Cancer is a difficult reality that will confront many clients, advisors and their staff. Roughly one in two men and one in three women will develop cancer in their lifetime, according to The American Cancer Society.

Given these statistics, most of us are likely to be touched directly or indirectly. Advisors can be there to guide clients in planning for a cancer diagnosis, and they should be prepared to respond when clients fall ill.

Planners routinely address the uncertainties of disability and encourage clients to plan for it. This includes retirement planning, creating a rainy day fund, buying disability income replacement insurance, arranging long-term care and more. This same level of planning should go into preparing for life-threatening illness.

Facts about cancer

Too often, after any negative health diagnosis, clients may panic and take impulsive actions that harm their financial security. Planners should communicate to clients that they are available to assist as the client, and client’s family, as they cope with the complex challenge before them.

Recommend a meeting with your client to prepare an inventory of matters and a prioritized list of steps. By creating such a list, the client can be assured they will devote the least amount of time and mental energy possible to financial matters until after they have addressed medical issues, but also not make any decisions that may harm their financial standing or miss critical deadlines.

For example, the client may continue all existing insurance in force until there is time to meet and evaluate it. However, if there are options to convert a life insurance policy that might expire, these should be addressed.

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PLANNING CONSIDERATIONS
Consider the following when meeting with your client regarding a cancer diagnosis or the possibility of one:

  • Should gifts be made to family members, or should all gifts cease as funds may need to be preserved for treatment?
  • Are there reporting requirements under disability, long-term care or other insurance policies?
  • Are there waivers of premium under life, disability or other policies that might be activated?
  • Does the client have a taxable estate? Might the client’s estate be taxable if there is a change in Washington in 2020? Depending on the diagnosis, estate tax planning and income tax planning will have to be tailored carefully. For example, client assets such as a family business can be sold to a trust to reduce the value of the client’s taxable estate. Will that be preferable to retaining the business in the estate to obtain a step up in basis? If an annuitant has a shortened life expectancy, the IRS can argue that the tables normally used to calculate the annuity amount are inappropriate. If the client has a longer-term survival expectancy, a sale for a private annuity could result in a negative wealth transfer if the payments the trust must make back to the client continue for a long period.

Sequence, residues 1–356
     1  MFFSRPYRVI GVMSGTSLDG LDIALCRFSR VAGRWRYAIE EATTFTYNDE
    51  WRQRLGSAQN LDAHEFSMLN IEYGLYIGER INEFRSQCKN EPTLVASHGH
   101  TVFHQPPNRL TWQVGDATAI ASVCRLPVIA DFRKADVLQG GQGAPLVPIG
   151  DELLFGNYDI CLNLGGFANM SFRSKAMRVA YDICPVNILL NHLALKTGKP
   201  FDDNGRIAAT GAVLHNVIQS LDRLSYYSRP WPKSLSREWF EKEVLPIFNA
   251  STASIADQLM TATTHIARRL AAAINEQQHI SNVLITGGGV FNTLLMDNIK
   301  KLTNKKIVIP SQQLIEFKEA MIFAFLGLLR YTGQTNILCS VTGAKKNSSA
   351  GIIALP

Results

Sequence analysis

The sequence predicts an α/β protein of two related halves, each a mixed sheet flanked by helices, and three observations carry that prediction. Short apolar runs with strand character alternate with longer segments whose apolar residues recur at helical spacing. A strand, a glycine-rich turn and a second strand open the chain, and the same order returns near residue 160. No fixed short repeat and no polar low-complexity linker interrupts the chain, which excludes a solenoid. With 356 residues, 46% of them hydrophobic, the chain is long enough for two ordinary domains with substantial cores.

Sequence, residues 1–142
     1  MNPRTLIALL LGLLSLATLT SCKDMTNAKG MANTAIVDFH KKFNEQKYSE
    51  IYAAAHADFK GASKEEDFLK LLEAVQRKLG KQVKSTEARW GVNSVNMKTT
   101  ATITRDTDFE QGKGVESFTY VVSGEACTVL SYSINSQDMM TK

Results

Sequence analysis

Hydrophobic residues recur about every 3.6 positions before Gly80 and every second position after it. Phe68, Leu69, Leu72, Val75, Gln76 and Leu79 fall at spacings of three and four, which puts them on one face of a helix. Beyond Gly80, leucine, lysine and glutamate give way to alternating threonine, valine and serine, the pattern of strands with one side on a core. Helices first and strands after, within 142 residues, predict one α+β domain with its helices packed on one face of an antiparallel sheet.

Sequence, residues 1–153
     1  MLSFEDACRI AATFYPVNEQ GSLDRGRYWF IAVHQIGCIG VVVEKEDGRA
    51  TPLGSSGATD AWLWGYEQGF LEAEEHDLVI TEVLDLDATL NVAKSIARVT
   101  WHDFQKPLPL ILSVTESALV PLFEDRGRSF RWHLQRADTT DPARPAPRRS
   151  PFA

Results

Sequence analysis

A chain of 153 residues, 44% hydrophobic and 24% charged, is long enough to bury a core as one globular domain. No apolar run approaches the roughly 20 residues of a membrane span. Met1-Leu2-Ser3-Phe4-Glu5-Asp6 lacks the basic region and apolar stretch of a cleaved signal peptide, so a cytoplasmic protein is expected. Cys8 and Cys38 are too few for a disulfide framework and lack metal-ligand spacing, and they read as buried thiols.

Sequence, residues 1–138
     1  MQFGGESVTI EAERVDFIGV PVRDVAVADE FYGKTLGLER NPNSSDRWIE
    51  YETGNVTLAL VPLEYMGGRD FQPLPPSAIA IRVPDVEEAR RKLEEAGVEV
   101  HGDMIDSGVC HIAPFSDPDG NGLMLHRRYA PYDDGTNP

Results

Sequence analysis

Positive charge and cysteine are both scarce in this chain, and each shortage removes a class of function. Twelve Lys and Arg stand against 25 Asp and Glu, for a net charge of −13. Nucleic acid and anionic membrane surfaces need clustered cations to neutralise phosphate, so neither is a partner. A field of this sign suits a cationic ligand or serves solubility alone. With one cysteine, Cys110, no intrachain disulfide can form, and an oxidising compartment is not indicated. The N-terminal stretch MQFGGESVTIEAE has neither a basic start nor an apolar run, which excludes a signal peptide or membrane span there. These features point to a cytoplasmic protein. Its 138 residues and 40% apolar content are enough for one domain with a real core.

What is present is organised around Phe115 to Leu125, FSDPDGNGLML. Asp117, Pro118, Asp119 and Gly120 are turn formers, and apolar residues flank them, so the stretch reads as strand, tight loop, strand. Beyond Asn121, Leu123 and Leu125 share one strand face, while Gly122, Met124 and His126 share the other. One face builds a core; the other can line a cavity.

• Review and reconsider all business and professional practice succession plans. What might have to change? What magnitude of medical and related costs might the client incur personally, and how does that affect their planning?
  • What impact might the cancer diagnosis and treatment have on the client’s ability to work now and into the future? How should planning be modified?
  • Whom will the client rely on for care, and what will the cost of that assistance entail?

THE DOCUMENT REVIEW
All existing legal documents should be reviewed and evaluated. Here are some key matters to consider:

  • Are beneficiary designations correct? If heirs were left interest in retirement plans directly, suggest instead that clients designate a trust, perhaps structured as a see-through trust, to protect those assets.
  • Review all irrevocable trusts under which the ill client may have been given the right to designate who receives the trust assets (called a “power of appointment”). In many instances, these powers may be applied to allow trust assets to be included in the power holder’s estate, thereby qualifying those assets for a step-up in tax basis upon the ill client’s death.
  • Be certain the client has up-to-date estate planning documents. Discuss with the client’s attorney what flexibility can be integrated into those documents if they are revised, in case the client will not have the ability to modify them in the future. Addressing potential future tax laws is important for a client who many not be able to change provisions in the future. It may be useful to give grantor powers to various people to modify terms of trusts, change distribution patterns or allow assets to be included in the ill client’s estate (or not).